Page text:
Donor experience matters – a lot – to every nonprofit that needs donors.
And it takes many forms. But if yours is an arts organization, you have a built-in super power. Are you using it?
What is “donor experience”?
Just what it sounds like. What is it like to be a donor to your organization?
When you make a gift to an organization, every step along the way is part of the experience. How did the organization first catch your attention? How easy and pleasurable was it to give? How did the thank you make you feel? When, and how, were you asked again? What else did they do to make you feel involved and important?
This might seem overwhelming. So much to think about! But it’s actually a series of opportunities for you to bond with your donors. Chances to build donor loyalty.
And for arts organizations, this can be your super power. Why? Because your mission is a fabulous donor experience itself!
Arts donors give because they love the art form. So building their connection means helping them experience it more deeply. One theater executive I worked with encouraged us to “feed their addiction” for great theater. Maybe not the best wording, but it sure got the point across!
How do donors experience our mission?
So begin by considering: what is it that your donors experience? How they feel about your organization will be hugely influenced by how they think you feel about them. You need to show them they matter.
Arts patrons give to support an art form they care about. And they probably come to experience the art. They buy theater or symphony tickets. They visit your museum. But so do many other people who aren’t donors.
To bring and keep your donors close, you need consider how you can use your activities and communication to make the experience of being your donor something they value.
How can you make your donors’ experience special?
1. Look for opportunities to underline your gratitude
Leave a thank you on their theater seats or at the door for them.
Go beyond a gift acknowledgement – thank them again. Successful press for your new exhibit? Celebrate with donors. Make sure they know they contributed!
If you don’t have a donor newsletter, create one. Use it to bring donors behind the scenes. Just be sure the credit goes to them. This isn’t a bragging opportunity!
2. Offer social opportunities tied to your art form
Art is not a solitary experience. It’s at its best when it brings people together. Connecting your donors to each other is a wonderful way to build a network with your organization at the center.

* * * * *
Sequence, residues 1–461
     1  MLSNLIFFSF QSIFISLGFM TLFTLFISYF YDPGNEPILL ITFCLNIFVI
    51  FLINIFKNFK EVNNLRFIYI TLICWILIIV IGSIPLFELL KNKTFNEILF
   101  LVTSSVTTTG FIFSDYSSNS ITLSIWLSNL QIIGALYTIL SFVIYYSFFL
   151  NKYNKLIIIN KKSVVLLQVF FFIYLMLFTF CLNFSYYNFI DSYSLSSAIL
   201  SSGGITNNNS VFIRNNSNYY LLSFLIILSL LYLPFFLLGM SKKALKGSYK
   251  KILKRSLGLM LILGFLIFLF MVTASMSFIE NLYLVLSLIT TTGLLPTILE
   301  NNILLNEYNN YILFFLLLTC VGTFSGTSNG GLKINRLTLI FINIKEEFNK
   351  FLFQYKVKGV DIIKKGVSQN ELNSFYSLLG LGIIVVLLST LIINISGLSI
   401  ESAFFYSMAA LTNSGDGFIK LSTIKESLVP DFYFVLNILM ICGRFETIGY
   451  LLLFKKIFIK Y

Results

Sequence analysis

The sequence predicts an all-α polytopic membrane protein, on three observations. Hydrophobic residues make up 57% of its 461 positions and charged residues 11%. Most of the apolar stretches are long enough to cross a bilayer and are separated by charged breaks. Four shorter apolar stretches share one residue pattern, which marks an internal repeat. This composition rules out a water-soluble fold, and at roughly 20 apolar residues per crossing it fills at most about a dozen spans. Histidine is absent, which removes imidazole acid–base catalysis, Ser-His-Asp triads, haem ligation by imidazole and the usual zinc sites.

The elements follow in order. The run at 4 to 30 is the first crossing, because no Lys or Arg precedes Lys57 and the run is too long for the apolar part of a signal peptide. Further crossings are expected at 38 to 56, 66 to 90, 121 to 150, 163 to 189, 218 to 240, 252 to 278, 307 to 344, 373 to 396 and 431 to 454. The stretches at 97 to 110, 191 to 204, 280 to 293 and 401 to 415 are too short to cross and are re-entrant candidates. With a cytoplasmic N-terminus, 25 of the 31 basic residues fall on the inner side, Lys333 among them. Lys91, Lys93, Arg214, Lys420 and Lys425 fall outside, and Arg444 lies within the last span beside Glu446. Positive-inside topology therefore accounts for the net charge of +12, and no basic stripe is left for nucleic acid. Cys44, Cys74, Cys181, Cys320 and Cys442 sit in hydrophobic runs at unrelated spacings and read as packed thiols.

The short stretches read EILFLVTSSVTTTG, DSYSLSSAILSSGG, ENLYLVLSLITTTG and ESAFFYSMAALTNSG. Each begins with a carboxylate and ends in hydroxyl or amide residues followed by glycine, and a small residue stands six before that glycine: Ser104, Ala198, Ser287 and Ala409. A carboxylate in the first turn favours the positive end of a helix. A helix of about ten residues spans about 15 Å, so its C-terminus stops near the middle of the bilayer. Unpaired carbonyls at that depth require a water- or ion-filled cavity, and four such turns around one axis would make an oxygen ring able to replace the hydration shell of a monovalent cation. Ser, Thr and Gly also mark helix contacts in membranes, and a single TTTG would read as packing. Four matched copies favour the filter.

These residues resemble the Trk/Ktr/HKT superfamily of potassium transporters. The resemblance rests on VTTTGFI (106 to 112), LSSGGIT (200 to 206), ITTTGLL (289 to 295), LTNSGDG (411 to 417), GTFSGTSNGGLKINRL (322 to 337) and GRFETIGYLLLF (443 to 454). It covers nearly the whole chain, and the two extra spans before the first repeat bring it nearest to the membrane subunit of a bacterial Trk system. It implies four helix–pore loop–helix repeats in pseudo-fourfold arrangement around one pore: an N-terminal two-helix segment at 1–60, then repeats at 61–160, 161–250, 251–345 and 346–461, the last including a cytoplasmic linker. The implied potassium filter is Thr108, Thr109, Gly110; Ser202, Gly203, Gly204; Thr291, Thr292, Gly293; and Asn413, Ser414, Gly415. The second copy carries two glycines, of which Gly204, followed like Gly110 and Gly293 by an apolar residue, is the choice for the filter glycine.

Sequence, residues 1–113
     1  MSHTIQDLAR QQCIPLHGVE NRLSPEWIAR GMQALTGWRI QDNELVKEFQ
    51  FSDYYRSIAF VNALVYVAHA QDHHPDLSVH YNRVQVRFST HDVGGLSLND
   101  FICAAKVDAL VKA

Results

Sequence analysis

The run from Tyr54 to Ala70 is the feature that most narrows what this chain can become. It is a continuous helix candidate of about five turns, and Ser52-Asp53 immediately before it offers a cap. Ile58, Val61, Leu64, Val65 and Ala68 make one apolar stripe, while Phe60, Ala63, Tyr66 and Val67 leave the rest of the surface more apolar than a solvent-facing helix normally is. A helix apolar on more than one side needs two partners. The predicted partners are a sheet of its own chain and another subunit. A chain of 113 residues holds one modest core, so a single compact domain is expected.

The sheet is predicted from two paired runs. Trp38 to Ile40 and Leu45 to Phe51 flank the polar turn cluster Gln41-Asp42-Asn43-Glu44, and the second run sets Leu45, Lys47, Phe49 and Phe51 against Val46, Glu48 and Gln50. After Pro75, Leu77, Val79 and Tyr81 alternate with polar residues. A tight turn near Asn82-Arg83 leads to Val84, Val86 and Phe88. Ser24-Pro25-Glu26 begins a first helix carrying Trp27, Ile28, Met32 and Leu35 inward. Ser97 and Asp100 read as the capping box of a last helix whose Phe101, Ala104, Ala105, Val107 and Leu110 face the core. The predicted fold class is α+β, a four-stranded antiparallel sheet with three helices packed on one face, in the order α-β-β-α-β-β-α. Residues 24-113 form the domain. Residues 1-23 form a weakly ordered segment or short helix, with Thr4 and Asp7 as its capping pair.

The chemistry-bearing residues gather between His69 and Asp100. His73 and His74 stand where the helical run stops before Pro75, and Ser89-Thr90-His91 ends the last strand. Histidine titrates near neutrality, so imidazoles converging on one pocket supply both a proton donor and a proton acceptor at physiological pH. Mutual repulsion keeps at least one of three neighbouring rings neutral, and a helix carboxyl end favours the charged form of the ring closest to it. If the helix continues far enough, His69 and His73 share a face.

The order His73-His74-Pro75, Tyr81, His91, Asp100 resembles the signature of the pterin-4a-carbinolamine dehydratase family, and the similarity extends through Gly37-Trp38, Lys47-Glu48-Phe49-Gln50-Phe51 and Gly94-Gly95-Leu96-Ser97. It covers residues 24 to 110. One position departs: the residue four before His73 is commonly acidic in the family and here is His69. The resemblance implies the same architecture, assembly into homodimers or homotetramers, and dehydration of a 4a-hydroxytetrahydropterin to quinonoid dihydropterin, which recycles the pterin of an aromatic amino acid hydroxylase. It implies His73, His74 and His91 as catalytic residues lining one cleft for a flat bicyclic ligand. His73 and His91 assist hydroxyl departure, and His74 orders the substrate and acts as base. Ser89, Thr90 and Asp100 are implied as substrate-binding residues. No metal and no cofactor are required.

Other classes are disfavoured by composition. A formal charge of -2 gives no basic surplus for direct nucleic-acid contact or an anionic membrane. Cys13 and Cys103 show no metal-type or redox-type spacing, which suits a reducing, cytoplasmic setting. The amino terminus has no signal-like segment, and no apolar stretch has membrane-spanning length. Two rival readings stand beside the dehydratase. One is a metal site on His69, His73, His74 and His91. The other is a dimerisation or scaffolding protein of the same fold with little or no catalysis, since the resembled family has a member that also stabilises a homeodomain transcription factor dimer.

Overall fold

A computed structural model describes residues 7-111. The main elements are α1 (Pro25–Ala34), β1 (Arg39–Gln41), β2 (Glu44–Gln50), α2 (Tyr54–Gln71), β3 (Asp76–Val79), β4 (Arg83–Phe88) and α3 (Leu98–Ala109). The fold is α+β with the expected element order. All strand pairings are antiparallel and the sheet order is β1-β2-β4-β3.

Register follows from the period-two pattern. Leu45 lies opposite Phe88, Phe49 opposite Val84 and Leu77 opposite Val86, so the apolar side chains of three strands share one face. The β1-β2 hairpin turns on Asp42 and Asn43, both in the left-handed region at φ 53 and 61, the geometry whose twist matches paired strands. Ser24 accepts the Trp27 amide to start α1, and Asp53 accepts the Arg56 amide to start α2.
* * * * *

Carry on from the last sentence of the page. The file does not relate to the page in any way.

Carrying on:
Create giving circles with social benefits. A pre-show talk, a special donor rehearsal, a dinner with the artist(s) – these are activities donors can share.
Educational events based around your current offering can be very interesting. Invite a local professor to speak about an artist and his or her work.
Be as creative as you like – invite donors to take part in a play reading. Or offer a painting lesson so they can better understand the art form. Maybe a dance class?
Not every donor will accept your invitations. But they will all appreciate being included.
3. Invite their feedback
Ask your donors what they would like. Try a donor survey to help you understand what’s important to them. Having that information will also help you encourage artistic staff to let you create some of these opportunities!
Check in with donors after they’ve attended. Ask them for their thoughts. (Be sure they understand they’re not being invited to take over for your artistic staff.) Knowing you care what they think will bring them closer to you.
One elderly woman regularly wrote to our artistic director after every opening. I’m sure his first reaction was along the lines of “who does she think she is?” But she was quite insightful. And knowing that he read, and sometimes responded to, her thoughts was so important to her. And while she had been generous for years, she became even more generous as she learned we cared about her thoughts. (I miss her!)
You might be surprised about what you learn when you invite donors to share their thoughts. Not just from a critical point of view, but from a very personal one. You’ll gain so much insight into your donors as people!
What about a special donor listening session? Moderated by a member of the staff, or perhaps a local critic, a session to hear from your most committed audience members could be both interesting for you and engaging for them.
Your art is the key to their hearts – use it!
Art aims to be a transformative experience. And that experience is what people are looking for. You change minds and you change lives.
Giving can also be transformative. If you extend your mission – your art – beyond the performance or exhibit, you create countless opportunities to bring your donors closer. And you have these opportunities! They’re right there for you to use.
One caveat: don’t simply create events and market them. If you want to build relationships, you have to be there and meet your donors.
Take advantage of your donors’ love of your mission with experiences and treatment that says they matter to you as much as you matter to them.